Friday, May 3, 2013

Emotional intelligence (n.) the ability to identify, assess, and control the emotions of oneself, of others, and of groups.

The test results were in. A nice lady in a hideous colorful sweater told me to stay seated in the chair from which my feet couldn't reach the ground and left the office to call my parents who were sitting in the waiting room.
She called me exceptionally emotionally mature for my age, with the scores falling far above the average range of other four-year-olds. She even pulled out some graphs and charts from the depths of her ancient collection of proof of exceptional emotional maturity and let my parents bathe in the warmth of promises that in her life, their daughter was undoubtedly going to reach unheard-of greatness.


I was 5. My brother was almost 11 then.
My aunt had come to visit and brought us chocolate bars. My brother ate his the same day he received it. I saved mine and pulled it out from somewhere several days after our aunt left.

"Would you like a bite?" I asked.
"Why'd you ask that?"
"Because I'd feel bad if I didn't."
"I wouldn't want that."
"Wouldn't want what?"
"Have that kind of feeling.


I was seven. My mom asked me what kind of a Christmas gift would make me happy. I said I didn't really want anything other than for all kids in the world to have homes, families and enough food. I got the Christmas usuals and a Barbie doll.

I was twenty-two and on my way home from the supermarket. There was a shaggy-looking homeless man on the corner of the street and I thought he must have been hungry.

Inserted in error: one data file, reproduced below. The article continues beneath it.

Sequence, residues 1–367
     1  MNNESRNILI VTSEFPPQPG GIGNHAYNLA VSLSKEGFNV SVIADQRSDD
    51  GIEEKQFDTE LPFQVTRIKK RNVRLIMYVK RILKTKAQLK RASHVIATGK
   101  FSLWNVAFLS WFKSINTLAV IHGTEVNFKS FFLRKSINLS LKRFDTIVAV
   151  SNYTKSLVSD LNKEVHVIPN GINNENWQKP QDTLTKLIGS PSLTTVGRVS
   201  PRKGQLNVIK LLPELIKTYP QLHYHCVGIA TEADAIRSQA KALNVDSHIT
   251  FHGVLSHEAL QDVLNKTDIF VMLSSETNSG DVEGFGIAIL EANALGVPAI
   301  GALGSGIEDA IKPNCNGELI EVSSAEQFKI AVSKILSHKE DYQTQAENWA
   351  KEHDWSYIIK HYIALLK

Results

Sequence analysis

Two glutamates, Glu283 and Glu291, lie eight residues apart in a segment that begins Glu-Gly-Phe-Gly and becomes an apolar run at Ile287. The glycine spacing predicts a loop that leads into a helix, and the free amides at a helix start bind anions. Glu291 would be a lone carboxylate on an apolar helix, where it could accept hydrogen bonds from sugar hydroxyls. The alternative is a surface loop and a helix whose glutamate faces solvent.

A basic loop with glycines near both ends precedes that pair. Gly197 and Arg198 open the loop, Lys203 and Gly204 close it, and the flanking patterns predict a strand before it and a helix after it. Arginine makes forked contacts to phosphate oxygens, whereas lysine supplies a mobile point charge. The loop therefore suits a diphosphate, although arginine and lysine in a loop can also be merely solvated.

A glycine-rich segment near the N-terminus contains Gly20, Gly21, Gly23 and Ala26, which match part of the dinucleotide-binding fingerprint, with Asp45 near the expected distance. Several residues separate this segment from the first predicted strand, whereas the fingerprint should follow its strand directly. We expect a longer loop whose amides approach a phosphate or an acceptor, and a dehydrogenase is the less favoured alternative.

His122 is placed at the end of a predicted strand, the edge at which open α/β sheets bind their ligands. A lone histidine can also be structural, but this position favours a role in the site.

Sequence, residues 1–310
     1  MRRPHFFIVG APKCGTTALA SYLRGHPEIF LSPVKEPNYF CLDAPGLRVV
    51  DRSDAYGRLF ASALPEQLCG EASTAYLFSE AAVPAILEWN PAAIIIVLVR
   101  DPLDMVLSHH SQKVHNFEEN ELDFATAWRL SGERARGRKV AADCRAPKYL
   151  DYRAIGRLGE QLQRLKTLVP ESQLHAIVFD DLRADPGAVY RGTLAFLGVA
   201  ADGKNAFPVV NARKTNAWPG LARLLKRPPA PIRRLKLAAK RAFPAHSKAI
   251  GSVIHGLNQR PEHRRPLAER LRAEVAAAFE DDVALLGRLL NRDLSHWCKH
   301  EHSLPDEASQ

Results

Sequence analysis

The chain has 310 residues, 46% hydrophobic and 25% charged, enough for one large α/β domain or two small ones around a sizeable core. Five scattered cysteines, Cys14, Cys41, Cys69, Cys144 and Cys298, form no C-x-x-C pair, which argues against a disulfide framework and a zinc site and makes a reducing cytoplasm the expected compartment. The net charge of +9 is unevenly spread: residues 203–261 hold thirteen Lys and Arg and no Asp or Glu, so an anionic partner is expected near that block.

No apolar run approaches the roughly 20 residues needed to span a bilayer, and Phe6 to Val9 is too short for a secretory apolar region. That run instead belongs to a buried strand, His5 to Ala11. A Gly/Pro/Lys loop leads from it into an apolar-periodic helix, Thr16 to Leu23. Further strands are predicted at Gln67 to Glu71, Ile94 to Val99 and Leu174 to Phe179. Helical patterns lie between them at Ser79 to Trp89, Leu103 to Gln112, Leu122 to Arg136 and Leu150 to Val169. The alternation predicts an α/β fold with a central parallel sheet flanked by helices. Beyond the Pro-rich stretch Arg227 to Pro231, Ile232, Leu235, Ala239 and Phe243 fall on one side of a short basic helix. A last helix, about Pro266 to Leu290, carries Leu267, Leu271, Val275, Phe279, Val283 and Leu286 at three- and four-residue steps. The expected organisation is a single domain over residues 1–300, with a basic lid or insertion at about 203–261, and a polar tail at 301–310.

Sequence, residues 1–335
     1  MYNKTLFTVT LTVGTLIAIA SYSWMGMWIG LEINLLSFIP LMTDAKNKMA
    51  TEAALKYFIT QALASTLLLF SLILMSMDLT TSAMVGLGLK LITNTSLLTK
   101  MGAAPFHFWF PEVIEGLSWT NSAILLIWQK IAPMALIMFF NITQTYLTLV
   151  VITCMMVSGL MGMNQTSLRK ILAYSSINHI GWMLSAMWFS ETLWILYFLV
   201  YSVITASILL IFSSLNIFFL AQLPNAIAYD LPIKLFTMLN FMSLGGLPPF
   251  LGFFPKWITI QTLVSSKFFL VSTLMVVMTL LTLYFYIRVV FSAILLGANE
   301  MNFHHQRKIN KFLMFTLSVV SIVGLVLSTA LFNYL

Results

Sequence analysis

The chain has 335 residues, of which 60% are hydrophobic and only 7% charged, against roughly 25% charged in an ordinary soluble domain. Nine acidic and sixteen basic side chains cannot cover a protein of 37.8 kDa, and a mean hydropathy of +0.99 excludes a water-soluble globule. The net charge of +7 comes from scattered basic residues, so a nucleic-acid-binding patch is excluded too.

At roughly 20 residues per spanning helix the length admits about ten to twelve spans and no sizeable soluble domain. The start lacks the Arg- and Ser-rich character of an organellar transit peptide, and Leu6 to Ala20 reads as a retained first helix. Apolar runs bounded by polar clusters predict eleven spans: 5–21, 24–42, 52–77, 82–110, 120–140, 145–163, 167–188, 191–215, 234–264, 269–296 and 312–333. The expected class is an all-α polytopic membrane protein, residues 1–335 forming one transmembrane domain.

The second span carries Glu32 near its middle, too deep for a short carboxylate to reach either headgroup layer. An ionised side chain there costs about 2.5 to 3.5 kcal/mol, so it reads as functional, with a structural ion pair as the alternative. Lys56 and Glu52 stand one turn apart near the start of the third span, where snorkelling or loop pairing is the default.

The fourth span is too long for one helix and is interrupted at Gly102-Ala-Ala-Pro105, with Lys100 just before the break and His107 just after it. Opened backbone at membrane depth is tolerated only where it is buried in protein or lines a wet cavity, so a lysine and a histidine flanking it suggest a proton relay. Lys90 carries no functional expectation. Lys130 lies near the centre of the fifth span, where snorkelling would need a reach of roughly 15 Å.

"Would you like a loaf of bread?" I asked him.
"Keep the bread and give me money instead."

I couldn't believe it. Completely and utterly shocked, that sentence left me speechless. My body decided to follow my legs and as I turned to continue on my way, I heard:

"You're just a pretty girl who knows nothing about life."


I'm not a kid anymore. In some aspects, I really haven't changed much: even today, my greatest wish is for everyone in the world to live in happiness. However, the difference between now and then is that these days instead of Barbies I get people's amused looks. And no, I haven't learned. I still know nothing about life.

I guess I've just gotten used to the fact the joke's always on me.


  1. My mom found a Pringles can under my bed when I was five. It was full of money. I told her I was saving for the poor. I feel like you too and it gets tiring to feel alone in it. <3

  2. This is the best post I've read. Even though were getting older, and wiser in some sense, the joke's always on us. Even if everybody can't live in happiness or have the perfect fairytale life, we exist together, and I think the thought is enough.

    Who knows, your smile to a stranger, make just make their day better.

  3. I really like reading about people's pasts and childhoods... I've always found it so interesting. <3

  4. You know more than you think you do. Than other people will give you credit for.

    Kindness and compassion for others is NOT a weakness.

    It is terrifying to have it aimed at you, because if enough of it gets spread around it will change the world.

    Change is scary to those comfortable with the status quo.

    You are powerful and brilliant and scary.


  5. I agree so much with Peirdot's comment, kindess and compassion is not weakness, it is powerful and where good things come from.
    Kindness and compassion are strengths of yours <3
    Alice xx

  6. This was a just a video I stumbled upon and wanted to share.